"Google's Street View maps are headed into the backcountry. Earlier this week, two teams from Google strapped on sophisticated backpacks jammed with cameras, gyroscopes and other gadgets and descended to the bottom of the Grand Canyon. But this is just the first step in the search giant's plan to digitally map and photograph the world's wild places."
Journalism & Media
President Obama, GOP contender Mitt Romney, and the U.S. news media moderators pointedly refused to mention climate change once during the series of four presidential debates.
"NEW YORK -- Dozens of wells drilled this year across rural Ohio are quietly pumping out the answer to the U.S. energy industry's most loaded question: Is the Utica shale formation, touted as a potentially $500 billion frontier, a boom or a bust? Yet the answer is likely to remain concealed for some time."
"A new 'addendum' to be released as soon as this week purports to update with the latest science a 2009 federal assessment on the impacts to the United States of climate change. The addendum matches the layout and design of the original, published by the U.S. Global Change Research Program: Cover art, 'key message' sections, table of contents are all virtually identical, down to the chapter heads, fonts and footnotes. But the new report comes from the conservative Washington, D.C.-based Cato Institute."
"An un-redacted version of a recently released Nuclear Regulatory Commission report highlights the threat that flooding poses to nuclear power plants located near large dams -- and suggests that the NRC has misled the public for years about the severity of the threat, according to engineers and nuclear safety advocates."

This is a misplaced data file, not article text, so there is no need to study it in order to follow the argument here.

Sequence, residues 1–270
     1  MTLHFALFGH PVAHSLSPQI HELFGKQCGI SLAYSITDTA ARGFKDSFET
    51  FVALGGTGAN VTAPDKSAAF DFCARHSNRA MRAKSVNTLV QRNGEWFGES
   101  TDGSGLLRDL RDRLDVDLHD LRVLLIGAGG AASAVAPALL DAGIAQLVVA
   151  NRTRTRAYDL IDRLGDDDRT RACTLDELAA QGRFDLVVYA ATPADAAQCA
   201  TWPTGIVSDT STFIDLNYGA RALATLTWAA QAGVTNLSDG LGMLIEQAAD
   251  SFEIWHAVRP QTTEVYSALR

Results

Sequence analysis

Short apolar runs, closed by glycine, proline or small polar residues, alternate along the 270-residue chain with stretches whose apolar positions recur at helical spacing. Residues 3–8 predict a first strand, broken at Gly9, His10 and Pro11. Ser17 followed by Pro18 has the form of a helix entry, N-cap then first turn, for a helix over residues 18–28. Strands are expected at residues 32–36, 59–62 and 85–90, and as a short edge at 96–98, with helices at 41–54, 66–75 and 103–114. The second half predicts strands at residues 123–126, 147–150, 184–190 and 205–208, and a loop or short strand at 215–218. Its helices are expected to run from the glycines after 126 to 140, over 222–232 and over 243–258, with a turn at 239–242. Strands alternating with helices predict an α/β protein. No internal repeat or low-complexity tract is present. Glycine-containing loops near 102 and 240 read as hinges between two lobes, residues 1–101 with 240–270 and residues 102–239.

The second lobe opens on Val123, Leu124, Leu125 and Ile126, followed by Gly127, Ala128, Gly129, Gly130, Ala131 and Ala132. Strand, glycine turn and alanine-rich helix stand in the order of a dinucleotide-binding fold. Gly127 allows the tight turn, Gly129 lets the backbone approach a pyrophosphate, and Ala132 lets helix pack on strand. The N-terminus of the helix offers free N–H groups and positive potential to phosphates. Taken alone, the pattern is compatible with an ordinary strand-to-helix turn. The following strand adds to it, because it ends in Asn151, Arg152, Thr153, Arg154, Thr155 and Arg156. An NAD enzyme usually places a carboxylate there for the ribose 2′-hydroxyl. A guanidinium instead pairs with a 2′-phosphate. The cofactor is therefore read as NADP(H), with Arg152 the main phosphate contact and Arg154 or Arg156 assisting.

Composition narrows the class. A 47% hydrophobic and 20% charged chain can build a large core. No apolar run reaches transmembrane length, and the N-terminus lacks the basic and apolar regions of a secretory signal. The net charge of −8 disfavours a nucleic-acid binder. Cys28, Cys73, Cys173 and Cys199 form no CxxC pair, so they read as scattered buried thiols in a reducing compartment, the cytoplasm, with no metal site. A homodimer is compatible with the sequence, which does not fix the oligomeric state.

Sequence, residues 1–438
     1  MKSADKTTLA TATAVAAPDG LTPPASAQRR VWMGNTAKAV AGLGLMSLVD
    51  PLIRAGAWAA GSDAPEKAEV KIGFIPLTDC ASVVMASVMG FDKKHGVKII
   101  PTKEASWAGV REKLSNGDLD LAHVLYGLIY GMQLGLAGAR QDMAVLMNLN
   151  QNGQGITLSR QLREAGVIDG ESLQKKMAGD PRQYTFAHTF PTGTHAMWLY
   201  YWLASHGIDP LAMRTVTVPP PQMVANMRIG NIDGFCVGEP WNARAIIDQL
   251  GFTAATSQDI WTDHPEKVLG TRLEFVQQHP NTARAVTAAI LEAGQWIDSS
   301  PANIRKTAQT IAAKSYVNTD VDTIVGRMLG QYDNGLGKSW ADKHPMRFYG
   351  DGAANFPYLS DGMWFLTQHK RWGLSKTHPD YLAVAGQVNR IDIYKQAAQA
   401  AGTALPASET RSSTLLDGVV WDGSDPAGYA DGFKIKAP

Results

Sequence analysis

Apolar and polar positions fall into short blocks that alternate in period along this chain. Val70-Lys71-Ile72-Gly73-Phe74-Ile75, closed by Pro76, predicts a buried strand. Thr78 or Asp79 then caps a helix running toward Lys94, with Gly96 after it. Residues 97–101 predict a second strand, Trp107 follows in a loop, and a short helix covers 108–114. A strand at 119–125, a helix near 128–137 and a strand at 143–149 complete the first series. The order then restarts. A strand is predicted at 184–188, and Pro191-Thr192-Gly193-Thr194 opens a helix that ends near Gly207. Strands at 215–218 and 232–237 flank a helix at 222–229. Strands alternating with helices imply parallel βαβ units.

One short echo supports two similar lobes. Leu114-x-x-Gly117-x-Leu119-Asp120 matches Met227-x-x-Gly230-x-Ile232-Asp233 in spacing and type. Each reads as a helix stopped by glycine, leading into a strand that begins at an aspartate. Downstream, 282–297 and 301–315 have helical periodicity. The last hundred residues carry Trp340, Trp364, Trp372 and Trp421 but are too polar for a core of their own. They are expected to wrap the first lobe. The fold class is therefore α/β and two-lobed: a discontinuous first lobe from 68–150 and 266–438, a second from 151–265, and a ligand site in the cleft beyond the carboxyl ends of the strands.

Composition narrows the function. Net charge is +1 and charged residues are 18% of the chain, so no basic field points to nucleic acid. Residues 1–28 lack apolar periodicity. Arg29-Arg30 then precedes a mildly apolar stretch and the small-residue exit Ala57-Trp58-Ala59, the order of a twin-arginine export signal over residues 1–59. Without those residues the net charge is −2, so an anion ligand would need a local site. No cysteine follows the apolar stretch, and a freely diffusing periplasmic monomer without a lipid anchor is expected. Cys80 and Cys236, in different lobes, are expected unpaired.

RCFP's new online guide to appealing federal FOIA decisions, written by smart, experienced media lawyers, "will be particularly useful to independent journalists and those at news organizations who don’t have ready access to legal counsel to help file appeals."
The two New York Times journalists were working on private land with the permission of the landowner, near Winnsboro in northeast Texas, when they were detained, according to the online energy publication FuelFix. The 78-year-old owner of the land, who objects to the routing of the pipeline across it, was also arrested for trespassing on her own land.
A lawyer for a climate-change-denial group seeking records from scientist Michael Mann apparently failed to get advance permission from his then-employer EPA to work on the case pro bono.
"Two New York Times journalists were detained briefly by law enforcement officers while reporting on demonstrations against the Keystone XL pipeline in northeast Texas, the newspaper said Thursday."
"CALGARY — [Alberta] Premier Alison Redford shot down calls from opposition parties and the union representing workers at the XL Foods plant for a public inquiry to get to the bottom of the huge beef recall stemming from E. coli tainted product at the Brooks facility."